We need not decide here whether a meeting with a parent is necessarily a sufficient substitute for a meeting between an administrator and a student. We recognize that Goss speaks immediately to the opportunity of students to defend themselves, not an opportunity for parents to defend their children. Under some circumstances, a parent may serve as an acceptable surrogate for a student, whose story is told through the parent. As long as the student's story is told, either directly or through a reliable intermediary standing in loco parentis to the child, the requirements of Goss are met. Even given the parent's power to act as a surrogate for a child where the parent is given the opportunity to tell the child's side of the story, we cannot disturb the district court's factual conclusion that there is a genuine issue as to whether the students were able to tell their side of the story, including the parents in the mix. Our limited jurisdiction also means that we cannot disturb this conclusion by considering whether the re-entry conferences were adequate post-deprivation hearings at which the students were given a chance to tell their side of the story.4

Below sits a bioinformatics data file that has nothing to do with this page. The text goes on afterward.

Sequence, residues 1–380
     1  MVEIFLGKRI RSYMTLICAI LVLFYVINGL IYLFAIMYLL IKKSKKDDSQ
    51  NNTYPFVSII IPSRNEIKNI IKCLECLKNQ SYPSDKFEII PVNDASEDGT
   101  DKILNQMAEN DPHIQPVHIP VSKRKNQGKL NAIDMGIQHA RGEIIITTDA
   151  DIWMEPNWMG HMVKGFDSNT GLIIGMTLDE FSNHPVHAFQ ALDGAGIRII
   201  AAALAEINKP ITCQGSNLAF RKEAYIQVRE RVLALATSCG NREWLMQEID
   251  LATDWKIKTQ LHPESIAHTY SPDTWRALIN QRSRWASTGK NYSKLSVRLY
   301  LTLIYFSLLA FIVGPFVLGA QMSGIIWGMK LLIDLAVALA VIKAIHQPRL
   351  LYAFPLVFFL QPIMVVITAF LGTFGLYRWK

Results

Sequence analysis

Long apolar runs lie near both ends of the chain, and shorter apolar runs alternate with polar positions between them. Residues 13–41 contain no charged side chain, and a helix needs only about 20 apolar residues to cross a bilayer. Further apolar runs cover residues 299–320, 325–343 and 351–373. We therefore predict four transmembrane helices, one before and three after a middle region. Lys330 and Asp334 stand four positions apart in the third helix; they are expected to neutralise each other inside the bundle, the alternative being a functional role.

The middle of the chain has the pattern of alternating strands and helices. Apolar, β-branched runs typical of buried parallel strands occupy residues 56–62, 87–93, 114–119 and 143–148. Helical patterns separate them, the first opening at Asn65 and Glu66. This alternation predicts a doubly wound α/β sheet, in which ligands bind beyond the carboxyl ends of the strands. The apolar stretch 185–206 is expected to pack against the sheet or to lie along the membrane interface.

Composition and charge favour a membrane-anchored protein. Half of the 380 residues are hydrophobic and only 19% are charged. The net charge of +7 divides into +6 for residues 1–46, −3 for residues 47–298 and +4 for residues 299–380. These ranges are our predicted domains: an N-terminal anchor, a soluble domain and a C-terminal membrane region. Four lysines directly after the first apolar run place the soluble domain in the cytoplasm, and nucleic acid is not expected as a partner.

The appellants contend in the alternative that the administrators acted as reasonable public officials would and thus are entitled to qualified immunity. Reasonable public officials, however, could not differ on whether allowing the students to tell their side of the story was required. To overcome the defense of qualified immunity, a plaintiff must show that the contours of the constitutional right were "sufficiently clear that a reasonable official would understand that what he is doing violates that right." Anderson v. Creighton, 483 U.S. 635, 640, 107 S. Ct. 3034, 97 L. Ed. 2d 523 (1987). "Where reasonable public officials could differ on the lawfulness of the official's actions, the official is entitled to qualified immunity." Cantu v. Rocha, 77 F.3d 795, 806 (5th Cir.1996).


    Appellants emphasize that it was reasonable for Ewing to be concerned about the appearance and behavior of the students, because he had heard that a gang fight was imminent. What is at issue here, however, is not the appellants' aims, but his means. While he was free to suspend the students after hearing their stories, Goss unambiguously required him to allow them to present those stories, and if he did not do so, he violated the students' due process rights.